Social housing providers, such as Abri, are developing their own low/zero carbon plans with separate funding. They are likely to want to employ their own assessors. We will be trying to get them to prioritise Bruton.
Aren’t you just benefiting the well-off?
Our Retrofit service is available to all homeowners in the project area: those who can afford to pay for the improvements and those who cannot. The whole of the UK’s existing housing stock needs to be improved. This can only be achieved through a large investment of both public and private funds. Regrettably at the moment the public funds are not there, but if they become available, we will give advice about getting hold of them.
Everyone benefits from reductions in carbon emissions, and the need to improve the energy performance of the UK housing stock has been known about for years. It is in everyone’s interests that those private homeowners who can afford improvements get going as soon as possible. The project aims to help do this.
We hope that the use of local firms to do the work will help the local economy thrive.
What does the project cost, and how is it funded?
The total cost is estimated as £86,000 for an eighteen month period. Bruton Town Council has received a £75,000 grant from Somerset County Council’s Climate Emergency Community Fund and will contribute £4,000 in 2021 and a further £4,000 in 2022. We will be applying to South Somerset District Council for a £4,000 Community Grant and have asked Castle Cary Town Council to make a similar contribution. If we end up with more than the project costs, we will extend its timescales.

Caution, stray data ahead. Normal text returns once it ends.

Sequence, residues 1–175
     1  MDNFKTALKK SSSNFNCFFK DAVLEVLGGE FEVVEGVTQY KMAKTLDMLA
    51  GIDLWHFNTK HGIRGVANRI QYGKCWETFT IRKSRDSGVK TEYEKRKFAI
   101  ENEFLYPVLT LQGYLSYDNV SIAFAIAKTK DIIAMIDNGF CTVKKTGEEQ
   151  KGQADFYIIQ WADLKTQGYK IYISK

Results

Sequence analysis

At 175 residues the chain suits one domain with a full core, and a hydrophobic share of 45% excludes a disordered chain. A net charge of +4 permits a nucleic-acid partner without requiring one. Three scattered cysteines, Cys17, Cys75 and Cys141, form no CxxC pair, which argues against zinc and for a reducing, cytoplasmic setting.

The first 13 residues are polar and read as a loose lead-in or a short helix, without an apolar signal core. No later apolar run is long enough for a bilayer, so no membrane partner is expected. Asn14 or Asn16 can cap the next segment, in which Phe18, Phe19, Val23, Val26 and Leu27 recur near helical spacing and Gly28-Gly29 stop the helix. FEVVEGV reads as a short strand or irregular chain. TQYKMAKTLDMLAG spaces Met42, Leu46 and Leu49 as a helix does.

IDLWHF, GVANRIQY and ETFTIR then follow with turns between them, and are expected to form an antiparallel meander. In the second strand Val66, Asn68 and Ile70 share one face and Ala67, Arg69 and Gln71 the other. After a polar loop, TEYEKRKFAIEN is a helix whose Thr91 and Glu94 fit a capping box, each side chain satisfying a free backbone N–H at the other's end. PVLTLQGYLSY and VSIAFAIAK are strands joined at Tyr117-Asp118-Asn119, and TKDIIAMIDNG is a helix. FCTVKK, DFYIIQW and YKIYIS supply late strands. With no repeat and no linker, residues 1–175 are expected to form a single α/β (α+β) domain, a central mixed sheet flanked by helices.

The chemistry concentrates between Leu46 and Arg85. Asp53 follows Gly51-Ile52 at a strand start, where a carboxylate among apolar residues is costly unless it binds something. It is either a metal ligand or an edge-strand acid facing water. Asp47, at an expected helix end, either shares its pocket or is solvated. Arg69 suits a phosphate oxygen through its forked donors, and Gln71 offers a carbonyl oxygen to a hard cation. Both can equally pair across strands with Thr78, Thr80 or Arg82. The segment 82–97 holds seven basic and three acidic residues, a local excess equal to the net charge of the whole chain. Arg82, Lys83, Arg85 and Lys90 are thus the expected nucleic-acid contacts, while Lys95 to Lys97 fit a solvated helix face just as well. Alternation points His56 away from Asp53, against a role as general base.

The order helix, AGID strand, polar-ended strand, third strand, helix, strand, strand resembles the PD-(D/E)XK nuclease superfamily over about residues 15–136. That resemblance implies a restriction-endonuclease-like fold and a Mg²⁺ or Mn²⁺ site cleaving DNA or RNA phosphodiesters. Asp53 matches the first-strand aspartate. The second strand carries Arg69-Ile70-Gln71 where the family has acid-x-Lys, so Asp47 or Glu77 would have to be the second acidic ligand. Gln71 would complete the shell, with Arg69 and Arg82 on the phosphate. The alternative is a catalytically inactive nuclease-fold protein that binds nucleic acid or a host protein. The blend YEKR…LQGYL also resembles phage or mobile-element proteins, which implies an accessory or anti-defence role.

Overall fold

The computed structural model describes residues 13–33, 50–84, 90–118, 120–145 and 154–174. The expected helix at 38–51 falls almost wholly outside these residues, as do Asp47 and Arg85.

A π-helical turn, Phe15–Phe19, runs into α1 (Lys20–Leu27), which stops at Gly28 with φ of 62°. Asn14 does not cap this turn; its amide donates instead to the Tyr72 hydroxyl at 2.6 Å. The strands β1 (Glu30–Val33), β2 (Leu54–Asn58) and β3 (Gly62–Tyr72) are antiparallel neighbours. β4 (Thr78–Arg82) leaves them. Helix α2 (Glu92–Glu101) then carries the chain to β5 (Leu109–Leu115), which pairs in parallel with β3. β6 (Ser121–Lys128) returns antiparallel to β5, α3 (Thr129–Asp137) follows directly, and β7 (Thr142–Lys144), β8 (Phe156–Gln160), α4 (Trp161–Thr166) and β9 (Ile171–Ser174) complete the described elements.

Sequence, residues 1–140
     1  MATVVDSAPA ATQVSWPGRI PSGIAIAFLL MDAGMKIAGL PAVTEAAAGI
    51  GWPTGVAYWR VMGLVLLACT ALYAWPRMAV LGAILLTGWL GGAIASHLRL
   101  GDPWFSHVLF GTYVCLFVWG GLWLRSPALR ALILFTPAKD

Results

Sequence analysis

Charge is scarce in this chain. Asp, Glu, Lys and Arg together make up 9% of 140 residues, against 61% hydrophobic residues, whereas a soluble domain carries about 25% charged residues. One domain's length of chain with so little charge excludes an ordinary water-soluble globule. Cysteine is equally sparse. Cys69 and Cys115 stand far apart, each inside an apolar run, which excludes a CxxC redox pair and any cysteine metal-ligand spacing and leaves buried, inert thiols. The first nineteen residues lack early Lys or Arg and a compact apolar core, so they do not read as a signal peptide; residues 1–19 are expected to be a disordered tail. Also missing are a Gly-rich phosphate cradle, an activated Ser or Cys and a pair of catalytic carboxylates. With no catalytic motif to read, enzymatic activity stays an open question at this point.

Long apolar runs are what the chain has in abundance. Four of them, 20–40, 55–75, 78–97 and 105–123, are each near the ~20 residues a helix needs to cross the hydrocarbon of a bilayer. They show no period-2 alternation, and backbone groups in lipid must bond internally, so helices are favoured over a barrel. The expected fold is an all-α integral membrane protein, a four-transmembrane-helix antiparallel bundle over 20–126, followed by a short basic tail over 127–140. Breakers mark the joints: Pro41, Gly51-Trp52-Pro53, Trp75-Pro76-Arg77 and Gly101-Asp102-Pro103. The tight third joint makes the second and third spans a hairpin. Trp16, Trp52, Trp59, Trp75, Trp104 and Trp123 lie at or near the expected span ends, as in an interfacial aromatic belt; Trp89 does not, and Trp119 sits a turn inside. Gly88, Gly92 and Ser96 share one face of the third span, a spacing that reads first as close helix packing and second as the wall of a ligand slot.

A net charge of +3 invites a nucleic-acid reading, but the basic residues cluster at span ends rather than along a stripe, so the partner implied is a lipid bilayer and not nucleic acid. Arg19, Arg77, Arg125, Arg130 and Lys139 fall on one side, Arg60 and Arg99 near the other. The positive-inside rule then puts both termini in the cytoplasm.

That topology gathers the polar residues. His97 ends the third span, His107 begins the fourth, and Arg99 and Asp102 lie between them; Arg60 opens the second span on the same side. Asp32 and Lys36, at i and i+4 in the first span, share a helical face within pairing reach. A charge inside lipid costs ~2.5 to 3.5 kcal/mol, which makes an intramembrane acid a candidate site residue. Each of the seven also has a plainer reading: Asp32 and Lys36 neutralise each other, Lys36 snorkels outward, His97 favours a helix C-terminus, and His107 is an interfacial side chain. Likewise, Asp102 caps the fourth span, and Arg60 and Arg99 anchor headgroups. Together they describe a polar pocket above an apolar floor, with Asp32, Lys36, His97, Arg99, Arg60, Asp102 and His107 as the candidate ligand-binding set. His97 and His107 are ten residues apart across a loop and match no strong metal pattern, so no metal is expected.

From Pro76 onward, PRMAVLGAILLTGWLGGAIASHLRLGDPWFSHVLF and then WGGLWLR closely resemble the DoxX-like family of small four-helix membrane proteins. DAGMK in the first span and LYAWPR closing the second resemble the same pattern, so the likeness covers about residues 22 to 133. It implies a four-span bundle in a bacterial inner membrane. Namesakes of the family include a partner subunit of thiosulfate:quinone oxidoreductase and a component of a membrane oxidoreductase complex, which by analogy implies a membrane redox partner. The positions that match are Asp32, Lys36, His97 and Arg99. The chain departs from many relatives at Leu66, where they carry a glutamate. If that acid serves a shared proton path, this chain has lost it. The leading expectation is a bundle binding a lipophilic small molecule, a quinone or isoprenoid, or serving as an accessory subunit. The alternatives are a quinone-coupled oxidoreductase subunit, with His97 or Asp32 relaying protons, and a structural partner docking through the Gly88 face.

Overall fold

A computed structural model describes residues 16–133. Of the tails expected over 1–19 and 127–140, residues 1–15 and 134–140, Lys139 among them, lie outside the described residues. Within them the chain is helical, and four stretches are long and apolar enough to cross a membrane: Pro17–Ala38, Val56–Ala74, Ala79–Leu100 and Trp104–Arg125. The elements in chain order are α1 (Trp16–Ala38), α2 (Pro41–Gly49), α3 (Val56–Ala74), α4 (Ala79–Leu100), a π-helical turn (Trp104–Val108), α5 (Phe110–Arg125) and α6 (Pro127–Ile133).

How long does the project last?
We have funding, and have employed staff, until the end of March 2023. During the life of the project, we will be considering whether and how to extend it, which might mean looking for further grants, or finding ways of making the service self-funding.
How is the project managed, and who employs the staff?
The work of the Project is overseen by the Retrofit Bruton and Cary Working Group. Members include Bruton Town Council, the Centre for Sustainable Energy and a local resident with particular expertise in this field. Castle Cary Town Council will be invited to join the Working Group if they decide to contribute financially. Bruton Town Council employed the Retrofit Assessor Co-ordinator until she left, and still employs the Retrofit Project Officer. In order to continue to deliver the service to the standards originally envisaged, from September 2022 the Project Officer has been seconded to the Centre for Sustainable Energy, who will provide the assessments and home retrofit plans on the project’s behalf.
 The Guardian, 19 October 2019, ‘Just don’t waste’; https://www.theguardian.com/tv-and-radio/2019/oct/19/just-dont-waste-david-attenborough-advice-bbc-seven-worlds-one-planet accessed 4 September 2021
 Green Alliance (2019), Reinventing retrofit, p1
 Local research using nationally available data.
 Climate Change Committee (2019), UK Housing: fit for the future?
 Somerset Councils (2020), Towards a Climate Resilient Somerset: Somerset Climate Emergency Strategy, Appendix 8